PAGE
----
How to Stop Your Dog from Chewing Destructively

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Causes and solutions for destructive chewing in dogs.

Dogs love to chew — and for many dogs, it’s as natural as barking. But if your dog opts for shoes, furniture or even power cords over chew toys, the behavior can become an issue. Here’s why dogs love to chew on things they shouldn’t, and how to help stop destructive chewing. 

Why Do Dogs Chew on Things They Shouldn’t?

Dogs chew for a variety of reasons, and different breeds chew more than others. Puppies often chew to help lessen the pain of teething and help channel all of that puppy energy into a specific task. If your dog wasn’t monitored closely as a puppy, then they might have picked up bad chewing habits. 

For adolescent or adult dogs, destructive chewing is likely caused by:

  • Boredom or loneliness: Most dogs have more pent-up energy than we realize. Chewing on new things can often be the easiest way for dogs to spice things up or distract themselves from being alone. 
  • Needing more attention: Some dogs simply want more of your attention — whether they have enough outlets for their energy or not. Very pack-focused breeds such as huskies or Jack Russell terriers may use chewing as a way to show their displeasure when they feel deprived of your attention.
  • Separation anxiety: If your dog becomes anxious when you leave, that nervousness can manifest in chewing on items with your scent, such as your clothing and shoes.
  • Hunger: A dog on a calorie-restricted diet might chew and destroy objects in an attempt to find additional sources of nutrition, particularly if they’re related to, or smell of, food.

6 Steps to Help Stop a Dog from Chewing Destructively

Training your dog not to chew isn’t difficult, but it is vital. Chewing on plastic, wood or other off-limits items could cause tooth or mouth damage, accidental swallowing of inedible materials or intestinal blockages. 

Step 1: Remove All Improvised Chew Toys

Almost every dog owner has made an improvised chew toy out of a threadbare sock, a piece of clothing or an old shoe. But from your dog’s perspective, this opens up the opportunity to chew on all socks, all clothes and all shoes. Try using only genuine chew toys to help define the boundaries of what’s acceptable to chew. 

Step 2: Remove All Chewable Targets

Limit the chances of regression by keeping shoes and clothes out of your dog’s reach. Put shoes in a closet, keep your clothes off the floor and move your children’s stuffed animals to a toy bin with a lid. 

Step 3: Spray Furniture and Fixed Items with an Anti-chewing Spray

A light coating of a pet-safe chew deterrent will help your dog get the message that an item is out of bounds. Most sprays require more than one application, so check the usage instructions to ensure success and keep in mind that sprays may not deter some dogs from chewing a particular item. You might need to physically block access to the item for a few days to keep it out of sight and out of mind.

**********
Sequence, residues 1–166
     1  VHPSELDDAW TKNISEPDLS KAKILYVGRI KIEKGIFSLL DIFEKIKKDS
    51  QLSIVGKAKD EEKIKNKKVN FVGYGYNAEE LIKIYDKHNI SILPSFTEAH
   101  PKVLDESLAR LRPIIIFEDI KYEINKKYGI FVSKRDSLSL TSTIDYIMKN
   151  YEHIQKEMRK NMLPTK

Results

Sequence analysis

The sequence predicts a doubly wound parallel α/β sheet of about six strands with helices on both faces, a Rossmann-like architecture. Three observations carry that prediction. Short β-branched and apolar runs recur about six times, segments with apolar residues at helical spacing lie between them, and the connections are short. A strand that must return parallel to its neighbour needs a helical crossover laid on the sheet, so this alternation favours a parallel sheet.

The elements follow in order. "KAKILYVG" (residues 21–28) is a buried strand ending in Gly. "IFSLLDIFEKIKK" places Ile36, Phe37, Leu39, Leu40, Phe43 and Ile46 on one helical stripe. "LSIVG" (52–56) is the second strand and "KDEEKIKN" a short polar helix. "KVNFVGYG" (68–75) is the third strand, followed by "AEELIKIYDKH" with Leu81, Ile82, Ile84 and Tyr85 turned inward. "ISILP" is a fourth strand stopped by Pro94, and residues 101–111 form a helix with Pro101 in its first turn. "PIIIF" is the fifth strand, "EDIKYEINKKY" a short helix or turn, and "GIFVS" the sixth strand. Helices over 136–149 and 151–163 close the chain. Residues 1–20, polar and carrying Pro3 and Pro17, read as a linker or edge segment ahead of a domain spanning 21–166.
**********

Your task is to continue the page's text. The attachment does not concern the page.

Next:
Step 4: Give Your Dog New, More Time-intensive Chew Toys

Consider getting a toy designed for chewing. Some toys have compartments for kibble inside to give the dog a mission. Try giving them the toy right after their regular mealtime so they have a treat that keeps their focus and helps them associate chewing with a delicious reward. 

Make sure your dog is interested in the toy early on, as some pups can be picky about new toys. If you have to play with the toy beyond a minute or two to capture your dog’s interest, it might not be the right option.

Step 5: Give Your Dog Extra Attention and Guidance

If your dog is chewing destructively, they may need more attention. This isn’t just about playing more with your dog; it’s also about observing their behavior and learning why and when your dog tends to chew. 

Some dogs chew after a walk because they still have pent-up energy they weren’t able to burn off. Others chew right after you leave in the morning because they’re lonely. Learning what specific time and actions trigger chewing can help you decide the best way to prevent it. 

If you think loneliness is the problem — especially if your schedule has recently changed — turn on a dog-focused TV channel or website with sights and sounds designed to capture your dog’s attention before you leave. You could also create a comfy dog window seat so your pet can watch the neighborhood, or hire a dog walker for one or two days a week. 

Step 6: Stay Level-headed 

No matter how hard you and your dog work on training, they may still chew on the wrong thing from time to time. Unless you catch your dog in the act of destructive chewing, a verbal reprimand will only create a barrier between you. If you do catch them in the act, use a loud noise such as clapping your hands to startle them out of chewing. Then, give them an alternative chew toy along with positive reinforcement once they switch. 

These steps can help curb your dog’s chewing, but depending on your dog’s personality, successful training could happen sooner or later. If your dog has a stubborn streak or is 2 years or older, expect training to take a little longer. However, with patience and consistency, you’ll be able to help change this behavior for the long term. 

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